Chi Kung Practice Reduces Hypertension

Tai chi has been receiving some good press lately. Now a new study links chi kung healing—the “parent” of tai chi—with decreases in hypertension.

According to research published in the International Journal of Neuroscience (2004; 114 [7], 777–86), men and women with hypertension who participated in the regular practice of chi kung exercises reduced their blood pressure and total-cholesterol levels. Chi kung is an ancient Chinese movement practice that blends slow, flowing, physical movements with deep breathing and a meditative mental approach. Tai chi originates from the chi kung healing tradition.

Researchers recruited 36 hypertensive patients and divided them into two groups: a chi kung group and a group of controls. The first group practiced chi kung for 8 weeks. Researchers recorded levels of blood pressure as well as total cholesterol and other lipids among all study subjects. Patients in the chi kung group significantly reduced both their blood pressure and their total-cholesterol levels.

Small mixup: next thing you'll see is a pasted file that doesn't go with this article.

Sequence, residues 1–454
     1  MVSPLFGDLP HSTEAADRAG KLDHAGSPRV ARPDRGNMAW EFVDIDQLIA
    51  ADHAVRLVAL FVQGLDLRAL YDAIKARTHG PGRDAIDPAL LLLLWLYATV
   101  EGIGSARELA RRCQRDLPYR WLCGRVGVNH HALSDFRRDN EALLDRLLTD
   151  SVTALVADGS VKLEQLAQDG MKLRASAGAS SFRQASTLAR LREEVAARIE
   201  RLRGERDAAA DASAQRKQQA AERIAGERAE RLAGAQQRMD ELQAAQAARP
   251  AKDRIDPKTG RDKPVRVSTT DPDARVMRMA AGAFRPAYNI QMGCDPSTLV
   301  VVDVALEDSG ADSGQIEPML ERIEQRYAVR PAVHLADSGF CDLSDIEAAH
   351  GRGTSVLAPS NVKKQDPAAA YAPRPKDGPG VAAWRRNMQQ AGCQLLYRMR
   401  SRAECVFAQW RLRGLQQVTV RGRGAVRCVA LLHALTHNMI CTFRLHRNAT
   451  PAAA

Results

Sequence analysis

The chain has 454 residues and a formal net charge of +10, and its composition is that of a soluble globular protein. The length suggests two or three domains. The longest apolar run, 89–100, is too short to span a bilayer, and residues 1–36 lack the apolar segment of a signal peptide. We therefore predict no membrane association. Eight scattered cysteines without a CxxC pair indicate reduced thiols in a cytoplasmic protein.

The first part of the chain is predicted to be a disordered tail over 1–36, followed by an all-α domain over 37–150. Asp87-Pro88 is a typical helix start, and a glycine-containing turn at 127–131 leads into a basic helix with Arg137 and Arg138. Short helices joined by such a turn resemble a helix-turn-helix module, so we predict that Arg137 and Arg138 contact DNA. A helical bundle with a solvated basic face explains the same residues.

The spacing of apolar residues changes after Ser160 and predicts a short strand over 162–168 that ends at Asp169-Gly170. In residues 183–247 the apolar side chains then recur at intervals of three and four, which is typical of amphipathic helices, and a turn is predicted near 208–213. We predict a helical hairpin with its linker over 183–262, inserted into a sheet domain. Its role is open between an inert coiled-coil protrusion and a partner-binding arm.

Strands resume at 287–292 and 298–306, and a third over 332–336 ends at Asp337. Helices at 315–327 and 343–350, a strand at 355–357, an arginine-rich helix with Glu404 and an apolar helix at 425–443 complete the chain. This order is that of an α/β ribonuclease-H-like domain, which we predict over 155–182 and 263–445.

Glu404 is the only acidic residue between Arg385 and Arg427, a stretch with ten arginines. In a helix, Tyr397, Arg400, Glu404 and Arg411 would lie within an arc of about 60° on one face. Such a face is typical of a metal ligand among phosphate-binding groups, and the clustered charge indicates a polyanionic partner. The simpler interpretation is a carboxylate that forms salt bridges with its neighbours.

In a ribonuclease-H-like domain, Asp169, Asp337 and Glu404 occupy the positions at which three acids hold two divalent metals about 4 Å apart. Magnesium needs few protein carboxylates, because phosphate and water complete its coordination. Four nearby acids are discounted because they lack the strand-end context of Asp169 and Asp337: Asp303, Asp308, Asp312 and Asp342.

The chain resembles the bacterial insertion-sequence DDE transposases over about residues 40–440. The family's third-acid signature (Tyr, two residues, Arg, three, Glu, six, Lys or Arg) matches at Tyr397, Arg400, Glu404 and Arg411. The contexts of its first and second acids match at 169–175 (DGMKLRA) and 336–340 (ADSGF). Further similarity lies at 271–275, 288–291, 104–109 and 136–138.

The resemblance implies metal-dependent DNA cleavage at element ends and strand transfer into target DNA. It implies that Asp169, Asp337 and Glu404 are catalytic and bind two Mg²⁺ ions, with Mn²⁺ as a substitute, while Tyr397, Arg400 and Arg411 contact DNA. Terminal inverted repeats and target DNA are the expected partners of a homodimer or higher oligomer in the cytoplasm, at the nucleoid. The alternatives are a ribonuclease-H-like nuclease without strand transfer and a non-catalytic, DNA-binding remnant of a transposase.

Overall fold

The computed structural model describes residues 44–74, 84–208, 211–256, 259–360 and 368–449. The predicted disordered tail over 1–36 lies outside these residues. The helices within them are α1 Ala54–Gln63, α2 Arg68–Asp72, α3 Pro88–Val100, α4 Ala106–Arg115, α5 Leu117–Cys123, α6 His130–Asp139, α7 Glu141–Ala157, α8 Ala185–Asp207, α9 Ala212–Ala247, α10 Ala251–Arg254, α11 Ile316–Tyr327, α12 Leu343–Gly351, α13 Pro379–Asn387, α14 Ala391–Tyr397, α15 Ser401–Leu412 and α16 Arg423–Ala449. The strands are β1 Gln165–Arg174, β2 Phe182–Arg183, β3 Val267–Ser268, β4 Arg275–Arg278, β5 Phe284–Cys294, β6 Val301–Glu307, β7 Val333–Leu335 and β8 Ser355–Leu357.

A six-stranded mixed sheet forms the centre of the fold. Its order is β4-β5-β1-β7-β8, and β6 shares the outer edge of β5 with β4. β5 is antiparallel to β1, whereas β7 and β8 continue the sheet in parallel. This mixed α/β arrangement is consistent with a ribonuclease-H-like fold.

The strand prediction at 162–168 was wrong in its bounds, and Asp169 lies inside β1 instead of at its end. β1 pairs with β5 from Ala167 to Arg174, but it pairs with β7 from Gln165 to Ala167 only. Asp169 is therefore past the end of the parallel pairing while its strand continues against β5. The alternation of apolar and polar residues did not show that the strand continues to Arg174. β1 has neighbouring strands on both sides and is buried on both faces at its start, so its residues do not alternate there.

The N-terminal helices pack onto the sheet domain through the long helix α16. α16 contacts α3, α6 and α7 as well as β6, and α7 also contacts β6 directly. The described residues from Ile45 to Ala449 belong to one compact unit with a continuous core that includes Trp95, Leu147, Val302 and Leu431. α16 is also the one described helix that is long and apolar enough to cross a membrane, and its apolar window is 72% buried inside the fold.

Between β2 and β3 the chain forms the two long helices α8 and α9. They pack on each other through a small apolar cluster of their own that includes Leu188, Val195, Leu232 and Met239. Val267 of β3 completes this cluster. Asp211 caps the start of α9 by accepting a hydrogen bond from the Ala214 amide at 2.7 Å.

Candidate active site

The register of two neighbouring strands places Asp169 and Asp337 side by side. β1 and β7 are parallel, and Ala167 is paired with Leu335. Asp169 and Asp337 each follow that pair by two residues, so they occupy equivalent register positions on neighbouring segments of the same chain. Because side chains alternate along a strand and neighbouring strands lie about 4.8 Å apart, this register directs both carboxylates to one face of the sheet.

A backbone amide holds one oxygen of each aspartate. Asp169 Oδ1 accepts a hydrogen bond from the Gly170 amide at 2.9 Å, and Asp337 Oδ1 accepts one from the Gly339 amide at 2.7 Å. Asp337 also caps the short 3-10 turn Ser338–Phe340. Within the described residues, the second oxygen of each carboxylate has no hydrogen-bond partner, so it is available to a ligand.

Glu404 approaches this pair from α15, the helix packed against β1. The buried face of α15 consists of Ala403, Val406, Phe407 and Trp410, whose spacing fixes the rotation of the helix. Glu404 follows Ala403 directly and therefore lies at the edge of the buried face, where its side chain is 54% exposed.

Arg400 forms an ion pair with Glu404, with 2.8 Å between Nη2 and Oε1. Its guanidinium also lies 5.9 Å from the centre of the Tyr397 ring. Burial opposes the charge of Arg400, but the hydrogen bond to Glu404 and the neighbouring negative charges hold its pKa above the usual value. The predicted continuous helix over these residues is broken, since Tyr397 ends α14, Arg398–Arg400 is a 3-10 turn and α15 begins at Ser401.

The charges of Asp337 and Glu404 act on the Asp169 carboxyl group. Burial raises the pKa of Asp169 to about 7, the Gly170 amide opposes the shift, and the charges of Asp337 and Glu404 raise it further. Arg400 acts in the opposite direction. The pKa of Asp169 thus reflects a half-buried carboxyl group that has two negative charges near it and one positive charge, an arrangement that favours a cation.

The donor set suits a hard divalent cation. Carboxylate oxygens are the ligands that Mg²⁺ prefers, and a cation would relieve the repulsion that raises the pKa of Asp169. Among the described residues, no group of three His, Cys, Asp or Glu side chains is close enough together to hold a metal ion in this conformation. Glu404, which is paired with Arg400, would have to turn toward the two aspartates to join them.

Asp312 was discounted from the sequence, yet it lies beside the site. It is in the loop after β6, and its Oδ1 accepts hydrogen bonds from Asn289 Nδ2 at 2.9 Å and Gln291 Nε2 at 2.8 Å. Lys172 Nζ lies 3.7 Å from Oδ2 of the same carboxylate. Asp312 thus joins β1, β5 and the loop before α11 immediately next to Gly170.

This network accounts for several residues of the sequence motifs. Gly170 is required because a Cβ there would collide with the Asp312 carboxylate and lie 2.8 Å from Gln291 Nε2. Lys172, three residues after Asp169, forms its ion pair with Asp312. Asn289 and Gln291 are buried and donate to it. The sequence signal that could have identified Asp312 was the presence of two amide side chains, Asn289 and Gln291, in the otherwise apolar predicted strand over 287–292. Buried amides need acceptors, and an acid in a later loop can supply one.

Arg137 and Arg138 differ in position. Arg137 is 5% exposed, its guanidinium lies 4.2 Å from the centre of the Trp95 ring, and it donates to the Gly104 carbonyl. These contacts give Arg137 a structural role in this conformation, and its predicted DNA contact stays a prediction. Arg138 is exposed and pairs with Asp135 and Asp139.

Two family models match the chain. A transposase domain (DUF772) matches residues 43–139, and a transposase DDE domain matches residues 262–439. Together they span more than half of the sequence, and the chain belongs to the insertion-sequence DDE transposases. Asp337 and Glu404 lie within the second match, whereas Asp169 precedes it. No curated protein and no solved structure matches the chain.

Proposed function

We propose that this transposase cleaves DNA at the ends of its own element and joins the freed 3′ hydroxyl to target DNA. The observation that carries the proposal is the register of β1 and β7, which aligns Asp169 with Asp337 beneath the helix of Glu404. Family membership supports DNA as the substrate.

Since chi kung exercises involve gentle movement patterns, it does not have the adverse side effects caused by some medications. More research is needed to explore the health benefits of regular practice.

For the latest research, statistics, sample classes, and more, "Like" IDEA on Facebook here.

Shirley Archer, JD, MA

IDEA Author/Presenter
Shirley Archer, JD, MA, was the 2008 IDEA Fitness Instructor of the Year and is IDEA’s mind-bo... more less
January 2005

© 2005 by IDEA Health & Fitness Inc. All rights reserved. Reproduction without permission is strictly prohibited.

Get the award-winning IDEA Fitness Journal delivered to your door every month!

Get IDEA Fitness Journal

Article Comments

Add Comment

2 + 2 =
Cancel
View all questions